Slow to Go Fast: Multiplication Progression

Oct 22, 2020

It’s about that time of the year…

If you are a 3rd grade teacher, you’ve probably been reviewing addition and subtraction from 2nd grade and working on concepts of place value, and now it’s time to help kids understand their multiplication facts and patterns!

If you’re a 4th or 5th grade teacher, it might be that time of year for you too, as you review what your students learned in 3rd grade and determine where they might have weaknesses in their understanding of multiplication.

I can remember when teaching multiplication usually started off with a little bit about arrays, knowing how many groups are in a column versus a row, and then it just seemed like my book said, Okay, now the kids start doing those timed tests because they should magically get those facts!  

As the title of the blog indicates, that’s not the pattern we want to continue as we teach multiplication to our students today. We want to go slow to be able to go fast. We want kids to really be able to develop a depth of understanding around multiplication, but in a way that’s developmentally appropriate.

The sequence we’ll talk about today, the same one we always talk about when we look at multiplication, is great to follow when you’re helping students in 3rd grade who are just learning, but could certainly benefit 4th, 5th, and even 6th grade students that might need to solidify their skills.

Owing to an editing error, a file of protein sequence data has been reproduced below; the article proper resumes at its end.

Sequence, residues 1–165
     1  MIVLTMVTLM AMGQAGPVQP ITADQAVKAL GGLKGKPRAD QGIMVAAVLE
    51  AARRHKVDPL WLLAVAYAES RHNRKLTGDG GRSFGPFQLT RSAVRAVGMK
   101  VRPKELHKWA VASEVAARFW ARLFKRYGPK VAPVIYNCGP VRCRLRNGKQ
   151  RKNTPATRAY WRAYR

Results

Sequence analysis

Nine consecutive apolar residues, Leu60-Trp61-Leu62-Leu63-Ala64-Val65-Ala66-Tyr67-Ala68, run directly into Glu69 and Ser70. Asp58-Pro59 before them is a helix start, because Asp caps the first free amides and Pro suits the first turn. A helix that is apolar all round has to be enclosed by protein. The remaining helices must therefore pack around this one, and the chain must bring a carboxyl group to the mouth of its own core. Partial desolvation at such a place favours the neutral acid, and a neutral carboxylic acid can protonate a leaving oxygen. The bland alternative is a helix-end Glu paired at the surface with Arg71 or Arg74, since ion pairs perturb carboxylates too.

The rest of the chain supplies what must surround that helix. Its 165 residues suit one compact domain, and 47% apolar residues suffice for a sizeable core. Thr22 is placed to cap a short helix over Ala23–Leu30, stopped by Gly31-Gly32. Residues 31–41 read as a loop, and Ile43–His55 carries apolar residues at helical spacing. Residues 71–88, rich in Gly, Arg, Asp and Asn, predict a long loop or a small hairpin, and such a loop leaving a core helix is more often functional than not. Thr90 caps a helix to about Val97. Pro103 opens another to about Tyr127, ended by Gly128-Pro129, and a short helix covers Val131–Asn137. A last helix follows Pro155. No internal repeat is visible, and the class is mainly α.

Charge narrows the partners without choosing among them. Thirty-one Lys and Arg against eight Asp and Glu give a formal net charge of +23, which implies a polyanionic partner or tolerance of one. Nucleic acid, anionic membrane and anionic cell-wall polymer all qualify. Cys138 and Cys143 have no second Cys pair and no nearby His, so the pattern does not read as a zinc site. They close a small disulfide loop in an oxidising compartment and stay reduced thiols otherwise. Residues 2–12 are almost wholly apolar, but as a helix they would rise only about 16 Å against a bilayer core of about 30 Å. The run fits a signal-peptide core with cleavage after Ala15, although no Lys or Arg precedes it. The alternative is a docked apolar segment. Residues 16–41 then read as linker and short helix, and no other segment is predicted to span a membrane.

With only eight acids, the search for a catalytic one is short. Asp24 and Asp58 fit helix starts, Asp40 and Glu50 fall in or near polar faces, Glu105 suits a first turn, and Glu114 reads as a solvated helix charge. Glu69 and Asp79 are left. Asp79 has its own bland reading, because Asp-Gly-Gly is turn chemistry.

times up

Of course, I can’t talk about this without talking about my favorite book – Time’s Up on Timed Tests, from my friends Kristin Hilty and Eliza Thomas Sorte, which we have available in our store as a digital download! These two fabulous ladies created a book that is truly amazing and filled with all kinds of activities for addition and subtraction, as well as multiplication and division. But what makes this book so incredible, in my opinion, is that it really looks at the foundation of fluency, which (spoiler alert) is not knowing facts quickly and being able to regurgitate answers under pressure.

Additionally, Kristin Hilty also designed one of my most favorite products – the Patterns of Multiplication journal. The sequence she outlines in this journal really helps 3rd graders to understand their facts in a different way. 

When I taught multiplication in the classroom, we would do the x2, x3, x4, x5 and start to be really proud of how well our class was doing! But then we rounded the corner of x6, x7, x8 and x9, and things started to fall apart.

Instead of going in numerical order to learn the multiplication facts, the Patterns of Multiplication Journal looks at the patterns, or the families, that we find within multiplication to help students understand it more fundamentally. 

We start with x10 and x5 – of course those go together! They have lots of things in common and you could easily and rhythmically count and hit those numbers based on the patterns. 

The next set of family patterns would be our x2, x4 and x8. If kids learn their x2, the x4 will make more sense, and then the x8 will come along with it. 

Next, we look at x3, x6, and x9, which also hit that same pattern.

The x7 is kind of the odd ball, which we usually teach separately. We decompose it into x5 and x2 because students can then anchor to a fact that they know. Sometimes kids have a fear of the x7s, but if we were to think of seven decomposed into 5 and 2, it’s a lot easier to figure out 7 x 7. I know that 7 x 5 is 35. And 7 x 2 is 14. When I add 35 and 14 together, it gives me that answer of 49.